Ellen Chilemba
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Ellen Chilemba: The entrepreneur helping Malawi’s women

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Ellen Chilemba

Ellen Chilemba is one of Africa’s youngest social entrepreneurs, bringing about change and empowerment for the women left behind by society.

For Ellen Chilemba, being an entrepreneur is about affecting social change and helping others reach success. Her ground-breaking project Tiwale is making waves across the African non-profit sector. Making the Forbes 30 under 30 list in 2015 and with a long way to go until she hits 30, she has a bright future ahead affecting change in Malawi’s development.

Born and raised in Malawi, at the age of 16 she was offered a scholarship to attend the African Leadership Academy in South Africa, where she studied leadership, entrepreneurship and African studies. This experience shaped her immensely and straight after graduating she launched her first major project: Tiwale. This is a social enterprise designed to train women in the apparel industry, and help them escape cycles of poverty in her native Malawi. This was a risk for Chilemba, and she doubted whether taking a year out of studying was good for her career. Fortunately, Tiwale has been extremely successful and she is now studying economics at Mount Holyoke College in Massachusetts while managing her business from abroad.

Believing in gender empowerment

Chilemba believes in women helping women, and that gender empowerment is the key to reducing poverty in her homeland. Gender disparity statistics in Malawi are alarming by global standards. Women have some of the lowest primary school completion rates, low socioeconomic markers and higher than average HIV and AIDS infection figures. Malawi also has one of the world’s highest maternal mortality rates and many young women are forced to leave school and marry at 12 or 13.

With little to no education to speak of, low access to medical care and few economic opportunities, women in Malawi are some of the most vulnerable and marginalized in Africa. These are the conditions that inspired Chilemba to create a project that would improve lives in a big way. She believes that is a key factor as incremental changes are easily undone, frequently resulting into a slide back into poverty.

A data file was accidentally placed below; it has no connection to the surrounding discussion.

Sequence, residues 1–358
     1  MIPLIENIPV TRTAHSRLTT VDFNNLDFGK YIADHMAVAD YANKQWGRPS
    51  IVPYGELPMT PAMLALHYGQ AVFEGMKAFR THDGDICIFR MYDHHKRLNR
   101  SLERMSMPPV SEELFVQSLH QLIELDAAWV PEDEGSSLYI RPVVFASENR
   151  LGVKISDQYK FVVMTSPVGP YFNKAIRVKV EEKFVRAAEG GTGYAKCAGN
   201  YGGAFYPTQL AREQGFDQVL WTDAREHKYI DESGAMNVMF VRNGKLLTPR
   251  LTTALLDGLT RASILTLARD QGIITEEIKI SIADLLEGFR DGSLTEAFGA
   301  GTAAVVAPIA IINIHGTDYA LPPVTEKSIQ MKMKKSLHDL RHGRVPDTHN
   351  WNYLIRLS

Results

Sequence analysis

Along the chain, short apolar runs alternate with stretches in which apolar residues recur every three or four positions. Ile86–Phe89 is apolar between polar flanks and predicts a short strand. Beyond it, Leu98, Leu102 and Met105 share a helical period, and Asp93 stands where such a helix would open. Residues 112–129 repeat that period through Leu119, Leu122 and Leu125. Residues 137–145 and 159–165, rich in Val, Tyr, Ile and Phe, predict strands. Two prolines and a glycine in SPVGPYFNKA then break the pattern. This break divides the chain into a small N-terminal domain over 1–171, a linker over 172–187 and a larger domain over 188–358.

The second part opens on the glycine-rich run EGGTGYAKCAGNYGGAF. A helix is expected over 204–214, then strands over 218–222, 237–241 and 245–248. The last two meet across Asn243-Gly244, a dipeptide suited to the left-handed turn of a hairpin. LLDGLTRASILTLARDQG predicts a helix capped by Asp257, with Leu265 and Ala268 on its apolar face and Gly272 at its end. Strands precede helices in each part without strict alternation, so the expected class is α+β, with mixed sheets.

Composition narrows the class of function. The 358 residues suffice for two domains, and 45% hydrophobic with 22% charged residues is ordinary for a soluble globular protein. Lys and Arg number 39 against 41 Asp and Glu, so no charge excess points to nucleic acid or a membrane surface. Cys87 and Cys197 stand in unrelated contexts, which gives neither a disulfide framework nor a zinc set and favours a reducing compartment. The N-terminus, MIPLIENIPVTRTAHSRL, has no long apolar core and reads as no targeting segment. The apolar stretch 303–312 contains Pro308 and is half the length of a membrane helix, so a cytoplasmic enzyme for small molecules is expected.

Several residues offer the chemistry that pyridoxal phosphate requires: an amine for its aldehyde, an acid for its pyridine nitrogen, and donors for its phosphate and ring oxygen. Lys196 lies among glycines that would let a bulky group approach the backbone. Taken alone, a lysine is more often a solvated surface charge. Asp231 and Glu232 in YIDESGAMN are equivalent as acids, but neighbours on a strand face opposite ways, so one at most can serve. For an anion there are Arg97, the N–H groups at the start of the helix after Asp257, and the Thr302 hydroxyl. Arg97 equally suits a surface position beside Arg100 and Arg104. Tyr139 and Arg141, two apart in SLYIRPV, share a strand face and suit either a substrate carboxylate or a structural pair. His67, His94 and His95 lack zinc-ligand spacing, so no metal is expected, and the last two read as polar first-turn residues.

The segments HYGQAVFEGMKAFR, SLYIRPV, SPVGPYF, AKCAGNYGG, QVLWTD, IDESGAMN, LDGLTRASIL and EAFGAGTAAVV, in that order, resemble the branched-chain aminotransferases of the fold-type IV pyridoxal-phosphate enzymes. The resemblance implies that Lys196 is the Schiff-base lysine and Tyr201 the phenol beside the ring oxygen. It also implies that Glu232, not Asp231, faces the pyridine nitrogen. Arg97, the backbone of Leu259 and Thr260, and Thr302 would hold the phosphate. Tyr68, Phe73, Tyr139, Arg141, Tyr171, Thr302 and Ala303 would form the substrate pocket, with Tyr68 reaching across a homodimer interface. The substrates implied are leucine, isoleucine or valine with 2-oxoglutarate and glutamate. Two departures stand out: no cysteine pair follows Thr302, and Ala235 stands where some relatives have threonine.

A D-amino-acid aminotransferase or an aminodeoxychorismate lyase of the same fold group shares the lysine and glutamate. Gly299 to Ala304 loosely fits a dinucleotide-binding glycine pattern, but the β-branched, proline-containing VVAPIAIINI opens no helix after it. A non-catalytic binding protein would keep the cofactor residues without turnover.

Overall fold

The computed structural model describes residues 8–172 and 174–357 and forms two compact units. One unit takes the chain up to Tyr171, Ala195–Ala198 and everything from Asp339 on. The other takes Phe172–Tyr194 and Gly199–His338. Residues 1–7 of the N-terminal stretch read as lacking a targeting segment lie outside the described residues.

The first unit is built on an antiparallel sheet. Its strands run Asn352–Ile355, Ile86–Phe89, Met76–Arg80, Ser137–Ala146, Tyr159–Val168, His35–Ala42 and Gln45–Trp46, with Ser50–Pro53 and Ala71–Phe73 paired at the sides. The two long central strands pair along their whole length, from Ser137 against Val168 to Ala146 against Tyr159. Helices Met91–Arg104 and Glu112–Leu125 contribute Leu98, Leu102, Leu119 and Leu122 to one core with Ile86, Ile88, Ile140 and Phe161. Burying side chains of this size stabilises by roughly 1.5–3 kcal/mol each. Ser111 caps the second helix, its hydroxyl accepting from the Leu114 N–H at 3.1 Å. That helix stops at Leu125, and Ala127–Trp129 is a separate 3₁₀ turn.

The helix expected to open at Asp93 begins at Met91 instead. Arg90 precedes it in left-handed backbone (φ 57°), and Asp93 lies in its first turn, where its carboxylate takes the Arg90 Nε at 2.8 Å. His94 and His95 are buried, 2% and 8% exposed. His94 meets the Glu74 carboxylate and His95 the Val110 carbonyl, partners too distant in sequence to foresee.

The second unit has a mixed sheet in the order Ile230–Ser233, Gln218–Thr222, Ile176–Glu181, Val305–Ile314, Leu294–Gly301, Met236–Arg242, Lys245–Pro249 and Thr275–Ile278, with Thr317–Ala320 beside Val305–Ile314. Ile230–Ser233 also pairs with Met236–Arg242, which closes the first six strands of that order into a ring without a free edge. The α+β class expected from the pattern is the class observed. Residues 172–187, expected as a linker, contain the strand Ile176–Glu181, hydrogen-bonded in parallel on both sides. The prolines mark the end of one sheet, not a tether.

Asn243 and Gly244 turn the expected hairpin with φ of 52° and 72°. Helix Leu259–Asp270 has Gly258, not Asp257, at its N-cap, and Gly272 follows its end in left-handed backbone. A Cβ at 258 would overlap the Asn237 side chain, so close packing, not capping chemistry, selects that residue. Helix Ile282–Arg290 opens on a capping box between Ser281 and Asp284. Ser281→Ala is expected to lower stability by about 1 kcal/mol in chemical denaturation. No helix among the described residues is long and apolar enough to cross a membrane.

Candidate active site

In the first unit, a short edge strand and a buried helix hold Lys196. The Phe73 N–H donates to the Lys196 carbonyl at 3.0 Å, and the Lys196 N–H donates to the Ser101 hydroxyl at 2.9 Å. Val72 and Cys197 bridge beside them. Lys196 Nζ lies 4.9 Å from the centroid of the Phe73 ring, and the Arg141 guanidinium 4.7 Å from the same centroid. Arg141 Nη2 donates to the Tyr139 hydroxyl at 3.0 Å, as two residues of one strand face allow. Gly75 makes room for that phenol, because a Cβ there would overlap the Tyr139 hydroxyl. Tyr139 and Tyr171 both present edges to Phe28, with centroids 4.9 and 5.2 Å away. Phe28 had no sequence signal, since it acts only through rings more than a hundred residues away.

Tiwale finds success with a cyclic business model

It became apparent to Chilemba that although many women throughout Malawi wore bright, traditionally dyed clothing, most of these clothes were imported from neighboring countries. Having identified a potential business, she began training women to dye-print different fabrics that are then sold to designers as garment material or from their website as tapestries and tote bags. The women are allowed to keep 60% of the profit, while 40% goes back into the company to help to train more women and perpetuate the cycle.

Tiwale means “let’s glow” in the Malawian language, Chichewa. Tiwale’s purpose is to empower, guide and allow women to “lift” themselves out of poverty. Chilemba’s orignal model has grown considerably, and since its inception 3 years ago has branched into two avenues.

The first branch is the fabric design training for women in the community, where their goods are sold through the company and they are free to use their skills to start their own business, or continue working with the program in their facilities.

The other is much more ambitious, offering micro-finance schemes. These begin with leadership and entrepreneurship courses where the participants learn business skills such as inventory and accounting. After the training, the women present business proposals and the most viable ideas are given interest free loans that are repaid over 10 weeks. Tiwale has also introduced a scheme to send promising candidates back to school or college with grants paid for by the vocational courses and resulting profits. Each woman that they help then goes on to help others. Currently they have helped 40 women to become business owners and have taught entrepreneurial courses to 150 more.

What does Chilemba’s future entail?

Not one to be satisfied with her current success, planning is already underway to build an education and entrepreneur center for women. This will be used in a number of ways, giving the participants space to create their products, as well as for further workshops and additional activities. Chilemba sees a future for Tiwale where the company outgrows her involvement and flourishes on its own. She wants to focus next on the education system in Malawi and ways to attract tourism to her “beautiful country.” She says she is “excited by social entrepreneurship and has many more ideas to pursue.” Chilemba is a much needed role model for Malawi. Through her efforts perhaps she will inspire future leaders and entrepreneurs who can further drive change in their homeland.

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